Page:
Newest Robinson Professor Sees History as ‘A Great Connector’

Posted: May 27, 2008 at 1:00 am, Last Updated: November 30, -0001 at 12:00 am

Black farm workers in Civil War era
Spencer Crew, the newest Robinson Professor at Mason, has been a public historian for much of his career, often focusing on African American history. Before joining the university he headed the National Underground Railroad Freedom Center in Cincinnati. Above, black workers at Aiken’s farm in Virginia during the Civil War era.
Photo from Library of Congress Prints and Photographs Division

At many universities, the most distinguished professors teach only graduate students. But at George Mason, thanks to the vision and generosity of the late Clarence J. Robinson, undergraduates have the opportunity to learn from faculty members who are recruited to George Mason from senior positions at prestigious institutions.

The mission of these educators, the Clarence J. Robinson Professors, is to enrich the academic experiences of undergraduate students while continuing their scholarly pursuits on broad and fundamental intellectual issues.

The first cohort of Robinson Professors arrived after the university started receiving income in 1984 through a historic bequest from Robinson. A leading businessman and civic leader in Northern Virginia, Robinson was prominent among a group of Northern Virginia citizens who sought to establish an institution of higher education in the region.

This is the ninth in a series of profiles of the Robinson Professors. Paul D’Andrea, Shaul Bakhash, Roger Wilkins, Harold Morowitz, James Trefil, Carma Hinton, John Paden and Robert Hazen were previously profiled.

Spencer Crew

By Daniel Walsch

Spencer Crew
Spencer Crew
Photo by Evan Cantwell

For historian Spencer Crew, the Underground Railroad that existed in the United States in the 19th century represented much of the best the nation had to offer during that timeframe and even into the present.

“Much like those who were in the French Resistance in World War II, those who participated in the Underground Railroad believed in doing what they could to support the ideals of our country: equality and freedom,” says Crew, who came to Mason in fall 2007 as a Clarence J. Robinson Professor of American, African American and Public History.

“These people had the odds against them and placed themselves at great risk. But at the same time, they believed in what they were doing.”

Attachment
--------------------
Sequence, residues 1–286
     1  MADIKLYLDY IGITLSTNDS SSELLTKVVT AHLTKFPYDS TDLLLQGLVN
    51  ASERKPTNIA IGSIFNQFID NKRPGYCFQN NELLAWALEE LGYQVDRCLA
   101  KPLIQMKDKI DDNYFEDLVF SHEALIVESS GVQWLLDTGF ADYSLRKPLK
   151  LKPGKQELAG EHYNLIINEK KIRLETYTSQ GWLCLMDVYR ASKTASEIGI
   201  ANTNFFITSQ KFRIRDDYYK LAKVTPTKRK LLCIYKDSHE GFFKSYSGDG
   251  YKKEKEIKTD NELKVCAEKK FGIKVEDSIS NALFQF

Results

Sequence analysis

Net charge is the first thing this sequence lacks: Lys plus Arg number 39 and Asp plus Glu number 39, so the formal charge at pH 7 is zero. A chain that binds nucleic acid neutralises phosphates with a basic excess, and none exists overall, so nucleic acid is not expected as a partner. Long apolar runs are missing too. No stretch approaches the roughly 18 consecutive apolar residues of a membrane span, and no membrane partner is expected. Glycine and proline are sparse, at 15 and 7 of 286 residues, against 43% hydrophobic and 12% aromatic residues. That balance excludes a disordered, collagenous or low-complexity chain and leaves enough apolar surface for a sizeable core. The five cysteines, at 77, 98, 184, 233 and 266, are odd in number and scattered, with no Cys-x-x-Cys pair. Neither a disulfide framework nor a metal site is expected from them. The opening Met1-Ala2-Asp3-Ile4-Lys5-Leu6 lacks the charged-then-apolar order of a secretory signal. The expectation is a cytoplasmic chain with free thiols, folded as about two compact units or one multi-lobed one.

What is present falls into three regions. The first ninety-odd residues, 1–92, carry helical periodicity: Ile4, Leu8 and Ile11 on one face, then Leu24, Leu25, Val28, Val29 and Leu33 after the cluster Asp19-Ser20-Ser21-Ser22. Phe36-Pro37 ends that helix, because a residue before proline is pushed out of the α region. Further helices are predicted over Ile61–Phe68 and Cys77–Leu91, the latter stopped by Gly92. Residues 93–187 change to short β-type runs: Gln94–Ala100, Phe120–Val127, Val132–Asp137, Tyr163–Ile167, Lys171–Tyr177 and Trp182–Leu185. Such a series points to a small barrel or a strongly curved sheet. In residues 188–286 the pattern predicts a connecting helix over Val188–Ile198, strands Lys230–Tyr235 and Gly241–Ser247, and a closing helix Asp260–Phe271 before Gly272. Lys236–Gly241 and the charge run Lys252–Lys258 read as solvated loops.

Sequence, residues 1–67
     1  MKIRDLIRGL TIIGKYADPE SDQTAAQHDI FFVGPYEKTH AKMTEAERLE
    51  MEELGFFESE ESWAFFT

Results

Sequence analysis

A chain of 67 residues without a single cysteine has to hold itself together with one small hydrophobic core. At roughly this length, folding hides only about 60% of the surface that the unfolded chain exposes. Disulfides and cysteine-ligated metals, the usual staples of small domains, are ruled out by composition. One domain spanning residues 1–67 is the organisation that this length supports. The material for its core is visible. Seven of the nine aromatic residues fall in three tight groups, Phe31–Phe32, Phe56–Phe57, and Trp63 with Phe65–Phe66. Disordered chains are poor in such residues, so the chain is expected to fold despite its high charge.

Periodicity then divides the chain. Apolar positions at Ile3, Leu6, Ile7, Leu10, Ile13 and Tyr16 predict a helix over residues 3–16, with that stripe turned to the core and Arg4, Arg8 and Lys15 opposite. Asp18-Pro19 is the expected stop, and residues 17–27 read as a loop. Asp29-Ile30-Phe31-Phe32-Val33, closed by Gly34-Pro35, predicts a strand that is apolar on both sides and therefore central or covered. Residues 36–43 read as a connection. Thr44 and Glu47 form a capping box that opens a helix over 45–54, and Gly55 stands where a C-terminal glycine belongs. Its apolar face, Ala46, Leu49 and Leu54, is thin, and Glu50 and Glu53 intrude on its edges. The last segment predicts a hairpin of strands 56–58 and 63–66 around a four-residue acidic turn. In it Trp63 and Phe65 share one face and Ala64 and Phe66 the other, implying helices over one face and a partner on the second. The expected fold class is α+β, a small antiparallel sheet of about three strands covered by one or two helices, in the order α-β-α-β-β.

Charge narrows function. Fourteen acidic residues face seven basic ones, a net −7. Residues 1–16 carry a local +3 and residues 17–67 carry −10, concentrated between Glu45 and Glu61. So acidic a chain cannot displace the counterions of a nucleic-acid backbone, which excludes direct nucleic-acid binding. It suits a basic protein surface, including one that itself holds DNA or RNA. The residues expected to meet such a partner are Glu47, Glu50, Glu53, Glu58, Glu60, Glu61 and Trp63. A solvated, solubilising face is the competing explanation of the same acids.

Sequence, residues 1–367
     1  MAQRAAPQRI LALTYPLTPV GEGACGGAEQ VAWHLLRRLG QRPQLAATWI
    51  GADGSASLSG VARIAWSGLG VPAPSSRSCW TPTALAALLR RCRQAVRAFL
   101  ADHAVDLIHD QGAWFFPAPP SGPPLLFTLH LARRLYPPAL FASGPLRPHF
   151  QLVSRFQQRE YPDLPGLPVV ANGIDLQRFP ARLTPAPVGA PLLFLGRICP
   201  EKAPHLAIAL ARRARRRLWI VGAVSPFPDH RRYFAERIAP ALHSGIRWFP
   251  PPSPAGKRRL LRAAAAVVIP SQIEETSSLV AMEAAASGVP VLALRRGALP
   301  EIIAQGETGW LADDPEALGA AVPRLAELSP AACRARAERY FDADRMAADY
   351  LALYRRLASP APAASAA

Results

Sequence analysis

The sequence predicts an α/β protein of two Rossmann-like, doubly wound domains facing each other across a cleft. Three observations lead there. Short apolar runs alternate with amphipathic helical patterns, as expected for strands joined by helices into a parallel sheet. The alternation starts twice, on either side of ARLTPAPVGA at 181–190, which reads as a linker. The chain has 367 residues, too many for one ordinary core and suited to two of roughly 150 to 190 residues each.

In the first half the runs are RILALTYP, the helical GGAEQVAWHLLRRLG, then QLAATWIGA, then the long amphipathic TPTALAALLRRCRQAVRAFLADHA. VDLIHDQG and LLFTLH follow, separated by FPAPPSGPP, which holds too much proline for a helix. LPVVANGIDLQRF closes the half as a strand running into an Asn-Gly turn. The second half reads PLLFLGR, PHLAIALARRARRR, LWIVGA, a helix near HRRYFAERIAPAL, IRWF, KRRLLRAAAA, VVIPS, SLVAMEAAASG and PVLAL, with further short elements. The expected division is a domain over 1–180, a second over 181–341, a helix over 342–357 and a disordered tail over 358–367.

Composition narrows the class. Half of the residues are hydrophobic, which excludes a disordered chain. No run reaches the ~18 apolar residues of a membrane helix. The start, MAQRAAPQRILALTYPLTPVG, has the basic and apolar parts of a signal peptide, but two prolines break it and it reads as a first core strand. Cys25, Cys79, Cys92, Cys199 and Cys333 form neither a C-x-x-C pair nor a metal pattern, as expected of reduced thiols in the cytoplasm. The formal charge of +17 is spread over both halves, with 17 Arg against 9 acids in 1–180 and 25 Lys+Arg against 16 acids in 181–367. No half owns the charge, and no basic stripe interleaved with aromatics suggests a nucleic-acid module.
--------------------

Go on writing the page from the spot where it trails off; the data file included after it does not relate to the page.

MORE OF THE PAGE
A Public Historian

Crew has been an active student of history for more than 25 years, and he has been deeply immersed in the topic of the Underground Railroad, the term for the system in place before the Civil War to help fugitive slaves reach freedom in the North, for the past five years.

Crew, who grew up in Cleveland, Ohio, has worked at public history institutions for much of his professional life. He served as president of the National Underground Railroad Freedom Center for six years and worked at the Smithsonian Institution’s National Museum of American History (NMAH) for 20 years, directing the museum for nine of those years.

At each of those institutions, his driving goal was to make history accessible to the public through innovative and inclusive exhibitions and public programs. The highlight of his efforts was “Field to Factory: Afro-American Migration 1915 – 1940,” an NMAH exhibition that generated much national discussion about migration, race and creating historical exhibitions.

Crew also co-curated “The American Presidency: A Glorious Burden,” which proved to be one of the Smithsonian’s more popular exhibitions.

“History,” he says, “is a great connector in that it helps guide us in how we build on what has occurred in the past. As an historian looking back at the Underground Railroad, for instance, I see the efforts of many individuals and small groups of people and families who showed such great courage in very difficult times. My challenge is to build on each of those small stories and try to place them in a larger context in ways that best capture the spirit of the time and that make connections to today’s world.”

Sharing Knowledge of American History

Crew’s decision to join the faculty at Mason revolved around his desire to share his own knowledge of American history and to help more directly engage students’ understanding of the evolution of the United States.

Spencer Crew with student
Crew with student Stephanie Gibson-Williams.
Photo by Evan Cantwell

Throughout his career, he has published extensively in the areas of African American and public history. Among his publications are: “Field to Factory: Afro-American Migration 1915 – 1940,” which accompanied the NMAH exhibit; and “Black Life in Secondary Cities: A Comparative Analysis of the Black Communities of Camden and Elizabeth, N.J.” He also cowrote “The American Presidency: A Glorious Burden” and “Unchained Memories: Readings from the Slave Narratives,” a companion book to an HBO documentary.

“I have, of course, worked for many years as an administrator and found that to be enjoyable on many levels. But the direct interaction with students is extremely stimulating. Students bring a special kind of energy to the classroom and perspective to the topics we discuss. They are also not shy about raising questions and initiating good discussion,” Crew says.

“I am enjoying my time here at Mason. It is a very dynamic institution. Being part of the Robinson program is an honor,” he adds.

Crew is past chair of the National Council for History Education and currently serves on the board of the National Trust for Historic Preservation and the board of the American Association of Museums.

He graduated from Brown University and is currently president of its alumni association. He holds a master’s degree and a doctorate from Rutgers University. In 2003, he was inducted into the Rutgers Hall of Distinguished Alumni.

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